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Review: The Dead Girls Club by Damien Angelica Walters

The Dead Girls Club

Damien Angelica Walters

Red Lady, Red Lady, show us your face… In 1991, Heather Cole and her friends were members of the Dead Girls Club. Obsessed with the macabre, the girls exchanged stories about serial killers and imaginary monsters, like the Red Lady, the spirit of a vengeful witch killed centuries before. Heather knew the stories were just that, until her best friend Becca began insisting the Red Lady was real–and she could prove it. That belief got Becca killed…more.

My Rating:

Bram Stoker nominee Damien Angelica Walters delivers a haunting coming of age tale in The Dead Girls Club. The novel plays one of my more favorite cards, with a ‘Then’ and a ‘Now’ chapter, each one following after the other. This tends to work miracles in pace of reading, because often times, you just want to get back to each storyline. The Dead Girls Club definitely keeps your interest piqued. In the ‘Then’ sections we follow a club of four middle school aged girls who like to talk about dead girls, serial killers, murders and the like.

It’s a strange fascination to be sure, but one that is believable. I found myself nodding to many of the issues they talked about, because it’s not just all about dead things. With the topics of conversation flowing smoothly and as discombobulated as any young pre-teen girls thoughts would be, the focus of the novel is mostly on best-friends Heather and Becca. It’s clear Heather has the home life advantage; it’s stable and loving, while Becca’s is the opposite with neglect and even abuse. When Becca starts telling thee story about The Red Lady, it leads to an event, ending club meetings and friendships.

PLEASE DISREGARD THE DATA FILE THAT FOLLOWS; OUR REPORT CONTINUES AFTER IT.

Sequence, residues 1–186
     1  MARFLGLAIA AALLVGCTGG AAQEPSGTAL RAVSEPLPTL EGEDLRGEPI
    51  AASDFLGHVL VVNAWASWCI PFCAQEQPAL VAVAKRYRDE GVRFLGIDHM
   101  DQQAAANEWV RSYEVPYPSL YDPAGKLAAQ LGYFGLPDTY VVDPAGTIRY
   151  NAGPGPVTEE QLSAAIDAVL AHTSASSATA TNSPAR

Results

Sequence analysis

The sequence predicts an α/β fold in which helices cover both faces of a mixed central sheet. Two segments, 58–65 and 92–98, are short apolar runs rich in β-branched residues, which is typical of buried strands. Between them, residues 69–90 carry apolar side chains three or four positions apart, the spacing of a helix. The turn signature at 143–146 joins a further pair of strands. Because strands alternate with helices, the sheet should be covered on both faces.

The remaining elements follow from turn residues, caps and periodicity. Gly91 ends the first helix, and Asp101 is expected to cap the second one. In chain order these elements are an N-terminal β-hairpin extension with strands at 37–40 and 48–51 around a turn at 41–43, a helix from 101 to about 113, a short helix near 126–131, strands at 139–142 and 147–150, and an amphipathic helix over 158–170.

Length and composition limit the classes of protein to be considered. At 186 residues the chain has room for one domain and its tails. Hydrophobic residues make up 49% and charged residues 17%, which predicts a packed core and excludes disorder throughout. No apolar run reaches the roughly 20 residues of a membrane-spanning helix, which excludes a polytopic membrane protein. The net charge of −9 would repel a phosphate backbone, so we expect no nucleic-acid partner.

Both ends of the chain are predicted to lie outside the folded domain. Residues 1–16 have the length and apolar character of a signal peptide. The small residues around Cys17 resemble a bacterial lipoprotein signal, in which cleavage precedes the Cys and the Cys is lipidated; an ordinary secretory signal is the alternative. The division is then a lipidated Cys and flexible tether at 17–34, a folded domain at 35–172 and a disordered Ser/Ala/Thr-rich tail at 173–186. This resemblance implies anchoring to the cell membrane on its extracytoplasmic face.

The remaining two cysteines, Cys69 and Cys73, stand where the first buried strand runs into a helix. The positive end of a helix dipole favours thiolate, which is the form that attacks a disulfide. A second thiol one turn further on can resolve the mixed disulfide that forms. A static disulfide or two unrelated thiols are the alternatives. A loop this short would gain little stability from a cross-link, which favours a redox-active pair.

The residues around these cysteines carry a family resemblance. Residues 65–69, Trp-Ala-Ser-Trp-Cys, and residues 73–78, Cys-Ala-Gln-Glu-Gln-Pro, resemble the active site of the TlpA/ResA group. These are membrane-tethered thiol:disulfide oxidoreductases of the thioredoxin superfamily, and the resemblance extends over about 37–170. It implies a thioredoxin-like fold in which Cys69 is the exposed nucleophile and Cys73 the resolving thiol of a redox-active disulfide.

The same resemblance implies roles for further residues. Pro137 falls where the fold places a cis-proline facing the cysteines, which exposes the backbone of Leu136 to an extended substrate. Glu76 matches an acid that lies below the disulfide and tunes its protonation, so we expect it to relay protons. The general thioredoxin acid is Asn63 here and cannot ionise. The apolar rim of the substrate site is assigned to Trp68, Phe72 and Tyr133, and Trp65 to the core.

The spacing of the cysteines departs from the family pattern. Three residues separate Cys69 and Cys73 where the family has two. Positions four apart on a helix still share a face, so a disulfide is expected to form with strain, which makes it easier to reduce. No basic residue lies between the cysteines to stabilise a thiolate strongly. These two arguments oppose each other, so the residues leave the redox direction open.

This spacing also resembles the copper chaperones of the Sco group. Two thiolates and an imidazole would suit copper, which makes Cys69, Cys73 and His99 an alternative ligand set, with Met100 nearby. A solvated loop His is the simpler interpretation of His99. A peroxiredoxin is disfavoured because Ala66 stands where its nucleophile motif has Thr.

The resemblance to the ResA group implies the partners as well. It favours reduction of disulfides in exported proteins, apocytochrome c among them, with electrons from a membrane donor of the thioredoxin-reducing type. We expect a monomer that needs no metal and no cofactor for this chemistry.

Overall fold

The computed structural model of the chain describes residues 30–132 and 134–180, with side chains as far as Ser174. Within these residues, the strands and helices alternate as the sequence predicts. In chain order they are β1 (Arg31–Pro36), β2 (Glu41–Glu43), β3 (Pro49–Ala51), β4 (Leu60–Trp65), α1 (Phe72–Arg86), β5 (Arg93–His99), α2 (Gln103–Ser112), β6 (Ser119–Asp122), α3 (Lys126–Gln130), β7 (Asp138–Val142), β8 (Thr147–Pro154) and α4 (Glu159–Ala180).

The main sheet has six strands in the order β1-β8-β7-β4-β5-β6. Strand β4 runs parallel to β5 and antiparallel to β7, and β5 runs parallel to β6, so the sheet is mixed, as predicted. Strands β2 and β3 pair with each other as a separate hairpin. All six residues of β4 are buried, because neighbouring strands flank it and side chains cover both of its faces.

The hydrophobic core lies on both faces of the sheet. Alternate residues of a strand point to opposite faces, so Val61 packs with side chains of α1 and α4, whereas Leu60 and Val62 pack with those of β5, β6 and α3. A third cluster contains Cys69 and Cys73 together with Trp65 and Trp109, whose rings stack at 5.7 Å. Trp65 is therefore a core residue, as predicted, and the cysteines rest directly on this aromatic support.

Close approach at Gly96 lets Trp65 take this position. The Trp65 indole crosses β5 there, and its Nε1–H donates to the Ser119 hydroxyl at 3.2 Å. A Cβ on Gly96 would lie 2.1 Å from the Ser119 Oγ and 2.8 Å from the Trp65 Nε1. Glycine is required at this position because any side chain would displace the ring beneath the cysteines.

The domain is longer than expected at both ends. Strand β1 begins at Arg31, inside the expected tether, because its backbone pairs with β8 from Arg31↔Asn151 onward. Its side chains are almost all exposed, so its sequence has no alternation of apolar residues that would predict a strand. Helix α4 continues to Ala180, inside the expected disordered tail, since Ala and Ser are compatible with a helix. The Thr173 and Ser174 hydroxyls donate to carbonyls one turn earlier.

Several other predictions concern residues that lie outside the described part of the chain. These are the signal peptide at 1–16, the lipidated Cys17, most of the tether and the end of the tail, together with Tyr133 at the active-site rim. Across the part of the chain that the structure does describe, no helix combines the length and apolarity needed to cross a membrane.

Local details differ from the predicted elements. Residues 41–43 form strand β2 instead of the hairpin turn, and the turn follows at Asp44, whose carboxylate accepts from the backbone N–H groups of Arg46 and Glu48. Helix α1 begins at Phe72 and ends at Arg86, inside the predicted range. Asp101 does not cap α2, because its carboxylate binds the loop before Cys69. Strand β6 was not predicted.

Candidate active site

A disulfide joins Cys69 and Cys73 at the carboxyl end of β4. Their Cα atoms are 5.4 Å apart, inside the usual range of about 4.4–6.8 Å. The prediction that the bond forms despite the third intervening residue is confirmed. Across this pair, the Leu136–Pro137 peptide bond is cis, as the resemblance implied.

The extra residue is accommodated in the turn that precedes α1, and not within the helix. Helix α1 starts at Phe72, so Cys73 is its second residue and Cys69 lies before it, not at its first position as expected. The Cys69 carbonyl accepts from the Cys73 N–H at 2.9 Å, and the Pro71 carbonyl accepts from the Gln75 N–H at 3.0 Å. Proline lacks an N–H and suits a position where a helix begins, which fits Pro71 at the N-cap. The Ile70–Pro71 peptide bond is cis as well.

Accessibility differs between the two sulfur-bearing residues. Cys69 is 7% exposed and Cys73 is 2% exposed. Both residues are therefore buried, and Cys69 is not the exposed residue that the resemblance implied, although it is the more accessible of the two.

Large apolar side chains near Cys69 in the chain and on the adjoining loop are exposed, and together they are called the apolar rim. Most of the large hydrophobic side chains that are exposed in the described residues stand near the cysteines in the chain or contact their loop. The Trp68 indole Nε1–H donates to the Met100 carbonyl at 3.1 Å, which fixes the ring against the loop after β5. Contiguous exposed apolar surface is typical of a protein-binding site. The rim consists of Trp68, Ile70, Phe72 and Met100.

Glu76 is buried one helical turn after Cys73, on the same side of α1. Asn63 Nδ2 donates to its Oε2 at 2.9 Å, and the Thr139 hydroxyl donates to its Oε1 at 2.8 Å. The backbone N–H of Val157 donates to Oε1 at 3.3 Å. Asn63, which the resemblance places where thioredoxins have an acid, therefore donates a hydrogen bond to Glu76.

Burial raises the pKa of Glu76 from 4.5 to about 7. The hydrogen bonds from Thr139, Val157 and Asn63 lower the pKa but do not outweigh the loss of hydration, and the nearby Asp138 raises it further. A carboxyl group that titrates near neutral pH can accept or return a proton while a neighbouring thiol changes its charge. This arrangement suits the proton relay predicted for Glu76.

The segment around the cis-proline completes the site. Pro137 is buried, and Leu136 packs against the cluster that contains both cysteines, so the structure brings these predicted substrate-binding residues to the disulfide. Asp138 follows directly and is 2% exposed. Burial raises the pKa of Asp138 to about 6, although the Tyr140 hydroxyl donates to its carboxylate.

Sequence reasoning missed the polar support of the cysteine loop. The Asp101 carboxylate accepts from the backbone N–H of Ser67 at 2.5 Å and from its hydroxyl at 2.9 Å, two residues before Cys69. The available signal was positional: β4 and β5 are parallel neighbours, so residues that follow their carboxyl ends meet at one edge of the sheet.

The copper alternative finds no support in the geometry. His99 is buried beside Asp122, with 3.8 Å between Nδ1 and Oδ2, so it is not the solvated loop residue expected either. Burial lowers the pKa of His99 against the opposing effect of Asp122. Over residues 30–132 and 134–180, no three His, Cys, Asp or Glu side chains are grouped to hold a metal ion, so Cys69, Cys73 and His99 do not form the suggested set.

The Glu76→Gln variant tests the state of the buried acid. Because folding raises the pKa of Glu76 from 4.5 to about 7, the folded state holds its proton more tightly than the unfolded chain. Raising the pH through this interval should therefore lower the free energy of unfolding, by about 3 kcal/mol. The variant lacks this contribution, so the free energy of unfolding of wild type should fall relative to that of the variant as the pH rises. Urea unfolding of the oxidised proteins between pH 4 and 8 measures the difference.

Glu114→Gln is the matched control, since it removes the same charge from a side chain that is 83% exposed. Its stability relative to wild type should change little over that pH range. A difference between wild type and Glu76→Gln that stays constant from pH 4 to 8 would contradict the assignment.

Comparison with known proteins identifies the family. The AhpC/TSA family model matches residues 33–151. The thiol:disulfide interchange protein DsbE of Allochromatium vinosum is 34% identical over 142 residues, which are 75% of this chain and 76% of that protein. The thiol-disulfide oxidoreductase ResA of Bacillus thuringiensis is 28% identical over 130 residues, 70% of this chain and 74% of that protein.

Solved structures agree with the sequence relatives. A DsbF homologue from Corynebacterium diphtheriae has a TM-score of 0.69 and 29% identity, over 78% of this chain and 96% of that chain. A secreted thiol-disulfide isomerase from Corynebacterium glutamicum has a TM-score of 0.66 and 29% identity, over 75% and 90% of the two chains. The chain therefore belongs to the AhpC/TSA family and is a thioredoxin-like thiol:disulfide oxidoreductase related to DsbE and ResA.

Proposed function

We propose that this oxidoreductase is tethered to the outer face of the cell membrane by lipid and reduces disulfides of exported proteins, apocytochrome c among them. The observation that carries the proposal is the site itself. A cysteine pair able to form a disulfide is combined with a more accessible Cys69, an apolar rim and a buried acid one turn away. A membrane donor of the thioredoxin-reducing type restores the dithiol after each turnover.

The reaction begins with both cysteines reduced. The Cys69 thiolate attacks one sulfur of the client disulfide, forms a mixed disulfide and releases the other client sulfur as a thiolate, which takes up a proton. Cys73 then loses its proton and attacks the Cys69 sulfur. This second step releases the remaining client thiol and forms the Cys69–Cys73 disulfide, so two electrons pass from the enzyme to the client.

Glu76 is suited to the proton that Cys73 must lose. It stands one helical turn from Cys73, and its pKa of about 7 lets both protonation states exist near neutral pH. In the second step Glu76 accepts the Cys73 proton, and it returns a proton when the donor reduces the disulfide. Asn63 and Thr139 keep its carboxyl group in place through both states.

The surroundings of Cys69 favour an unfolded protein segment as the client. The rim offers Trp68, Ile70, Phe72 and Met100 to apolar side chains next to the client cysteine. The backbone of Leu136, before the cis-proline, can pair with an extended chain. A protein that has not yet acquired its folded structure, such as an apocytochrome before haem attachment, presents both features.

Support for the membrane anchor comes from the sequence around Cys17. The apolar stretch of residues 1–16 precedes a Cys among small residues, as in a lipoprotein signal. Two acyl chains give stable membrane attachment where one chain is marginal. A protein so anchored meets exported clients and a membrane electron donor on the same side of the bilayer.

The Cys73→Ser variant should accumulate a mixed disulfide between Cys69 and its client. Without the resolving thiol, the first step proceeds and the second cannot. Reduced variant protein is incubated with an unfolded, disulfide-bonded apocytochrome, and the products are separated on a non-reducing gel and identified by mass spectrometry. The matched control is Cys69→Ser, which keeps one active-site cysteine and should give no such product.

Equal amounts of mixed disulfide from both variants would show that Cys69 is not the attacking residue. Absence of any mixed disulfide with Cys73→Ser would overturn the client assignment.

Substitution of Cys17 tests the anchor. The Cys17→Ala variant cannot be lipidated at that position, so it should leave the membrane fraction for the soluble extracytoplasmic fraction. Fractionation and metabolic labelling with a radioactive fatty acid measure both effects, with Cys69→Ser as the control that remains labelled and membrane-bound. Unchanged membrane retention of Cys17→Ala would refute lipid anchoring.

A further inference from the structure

Fast-forward thirty years, and Heather is suddenly haunted by the past. She’s a bit unreliable and makes some mistakes that are a little cliché, but there are also moments when her actions do make sense. It’s easy to empathize with the idea that she would want to hide the terror of her past, and in doing so she would have had to build up a wall to hide that secret. But with that, as is always the lesson, walls can tumble, creating more lies or unearthing the need to build more lies and soon nothing can be kept straight over what is fact and fiction.

As the penultimate ending built, I did find myself awaiting an anti-climatic conclusion. I didn’t like the ending. It felt rushed and also a bit unrealistic, and the clues became less and less hidden and more blatantly obvious, it simply lacked the depth the rest of the novel up to that point had held on to. The Dead Girls Club was a fun read and I’d still recommend it to those who like thrillers with horror elements and a touch of mystery.

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